It is also worth a visit to the FSLN Museum on the main square, run by the Sandinista National Liberation Front. It was the revolutionary Sandinistas that marched on the capital of Managua and chased the president at the time, Anastasio Somaza, out of the country. Housed in an old mansion that has long past its glory days, the museum is not sophisticated, but the stories of the uprising against Somoza and the civil war are vividly told through photos and newspaper articles pinned on the walls.

That recent bloody history began in the early ‘60s when Carlos Fonseca formed the Sandinistas to protest against the brutal dictatorship of Somoza who, in turn, unleashed his Guardia Nacional force against them. Fonseca and other popular revolutionary leaders were killed or assassinated throughout the ‘70s, but the struggle continued and the Sandinistas eventually took over power in July 1979. The array of rebel forces and their opinions on how the country should be run were split. The US became increasingly worried about the growing influence of Russia and Cuba among the new government and stepped in to financially back the Contra rebels, essentially former members of the Guardia Nacional. Fighting broke out across the country between the revolutionaries and the Contras, while economic embargoes crippled any chances the new government had of getting a fresh start for the country.

My guide at the FSLN Museum was visibly moved with tears in his eyes and goose bumps on his arms as he recounted street battles that were fought a block from where we stood and recalled fallen comrades. While taking in the city view, at sunset, from the museum’s roof, with several volcanoes on the horizon, I found it difficult to conjure up his image of deadly fighting in the streets below.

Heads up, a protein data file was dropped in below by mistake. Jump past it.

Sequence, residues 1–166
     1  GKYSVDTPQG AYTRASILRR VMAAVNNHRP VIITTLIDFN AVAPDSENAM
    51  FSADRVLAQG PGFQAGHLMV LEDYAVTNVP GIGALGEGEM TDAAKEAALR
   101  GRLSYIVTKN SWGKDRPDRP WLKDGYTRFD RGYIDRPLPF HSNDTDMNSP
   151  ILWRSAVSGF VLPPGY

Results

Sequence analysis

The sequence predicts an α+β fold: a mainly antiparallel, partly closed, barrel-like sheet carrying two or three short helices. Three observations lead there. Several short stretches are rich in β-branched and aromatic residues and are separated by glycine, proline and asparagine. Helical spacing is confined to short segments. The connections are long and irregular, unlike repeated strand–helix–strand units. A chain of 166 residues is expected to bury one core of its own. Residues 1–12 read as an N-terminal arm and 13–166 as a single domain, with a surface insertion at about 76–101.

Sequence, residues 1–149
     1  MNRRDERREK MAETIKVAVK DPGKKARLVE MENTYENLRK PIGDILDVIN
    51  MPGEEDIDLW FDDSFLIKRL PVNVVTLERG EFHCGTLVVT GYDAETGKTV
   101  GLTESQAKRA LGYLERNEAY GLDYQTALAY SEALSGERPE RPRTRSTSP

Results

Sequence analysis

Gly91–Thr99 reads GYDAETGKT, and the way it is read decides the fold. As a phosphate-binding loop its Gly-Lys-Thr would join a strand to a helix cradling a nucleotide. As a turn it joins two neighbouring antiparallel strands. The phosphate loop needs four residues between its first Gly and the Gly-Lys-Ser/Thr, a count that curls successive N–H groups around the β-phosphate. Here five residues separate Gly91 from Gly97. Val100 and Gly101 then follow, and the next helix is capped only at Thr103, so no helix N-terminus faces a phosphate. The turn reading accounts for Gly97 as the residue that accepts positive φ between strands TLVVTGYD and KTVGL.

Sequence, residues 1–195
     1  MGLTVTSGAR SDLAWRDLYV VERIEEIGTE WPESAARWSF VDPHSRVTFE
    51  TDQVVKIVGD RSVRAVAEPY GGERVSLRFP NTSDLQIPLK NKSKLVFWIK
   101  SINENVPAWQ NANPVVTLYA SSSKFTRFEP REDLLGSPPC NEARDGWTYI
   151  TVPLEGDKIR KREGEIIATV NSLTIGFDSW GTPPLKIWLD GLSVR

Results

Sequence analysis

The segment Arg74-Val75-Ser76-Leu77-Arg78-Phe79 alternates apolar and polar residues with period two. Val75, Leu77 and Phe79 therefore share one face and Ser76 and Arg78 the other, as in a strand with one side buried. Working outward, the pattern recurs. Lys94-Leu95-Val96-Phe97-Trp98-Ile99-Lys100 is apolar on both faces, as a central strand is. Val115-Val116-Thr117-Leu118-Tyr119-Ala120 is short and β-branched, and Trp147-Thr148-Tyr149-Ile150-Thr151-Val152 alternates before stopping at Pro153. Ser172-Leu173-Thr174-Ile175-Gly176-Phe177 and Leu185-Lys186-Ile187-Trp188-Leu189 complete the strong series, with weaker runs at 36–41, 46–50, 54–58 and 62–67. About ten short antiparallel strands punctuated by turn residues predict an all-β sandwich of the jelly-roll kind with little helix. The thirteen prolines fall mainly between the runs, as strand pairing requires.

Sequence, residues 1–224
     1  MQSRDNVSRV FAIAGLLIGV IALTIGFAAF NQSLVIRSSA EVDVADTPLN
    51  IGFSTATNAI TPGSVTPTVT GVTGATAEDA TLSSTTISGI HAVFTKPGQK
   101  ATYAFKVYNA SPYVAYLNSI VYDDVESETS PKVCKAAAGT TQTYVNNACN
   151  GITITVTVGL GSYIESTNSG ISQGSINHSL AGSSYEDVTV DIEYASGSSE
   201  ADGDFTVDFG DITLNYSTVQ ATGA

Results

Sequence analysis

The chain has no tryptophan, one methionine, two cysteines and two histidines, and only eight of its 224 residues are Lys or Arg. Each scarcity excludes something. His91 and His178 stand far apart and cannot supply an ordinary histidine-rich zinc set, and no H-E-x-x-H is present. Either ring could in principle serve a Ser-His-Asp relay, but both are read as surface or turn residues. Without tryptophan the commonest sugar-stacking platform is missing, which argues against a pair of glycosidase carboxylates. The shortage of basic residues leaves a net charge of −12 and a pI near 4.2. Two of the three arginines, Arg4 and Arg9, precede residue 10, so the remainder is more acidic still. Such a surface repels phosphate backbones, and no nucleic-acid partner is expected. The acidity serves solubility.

One of those volcanoes, Cerro Negro, is close to Leon and popular as a day trip. If you go with one of the several local operators offering guided tours you can happily spend a day hiking up at sunrise and sandboarding down after lunch. You will be back in time to pick up a fresh mojito at the Big Foot hostel’s happy hour.

Also lifting the mood are Leon’s many great cafes, serving Nicaraguan coffee, fresh juices and baked goods. Cocinadelarte (Costado Norte opposite Iglesia El Laborio; 505-315-4099), with a courtyard full of flowers and jazz on the speakers, has a great staff and serves food sourced from local produce. Mediterraneo (2a Ave NO, opposite the Lazybones hostel) has a huge garden out back with trees, plants and birds. The staff are happy to let you spend a lazy afternoon there, reading a book, practicing your Spanish or just enjoying the surroundings with wine and cheese. If you are after more traditional fare, look for local women wearing traditional aprons, selling fresh bread, cakes and fruit on the street, at the bus station and even on the bus. In the evening, vendors set up fritangas, a type of Nicaragua barbeque, in the plaza. 

Further reading
Nicaragua has a strong literary tradition, with Rubén Darío leading the way. Salman Rushdie visited in the 1980s in support of local writers during the civil war and his account, The Jaguar Smile: A Nicaraguan Journey, is worth a read to get a flavour for that time. Nicaraguan born Gioconda Belli’s The Country Under My Skin gives a vivid account of her years as an underground revolutionary, mother and poet. Leon has many bookstalls and if you need English books, check out the offices of the local volcano tour operators or one of the many hostels in town where you can buy or swap used books.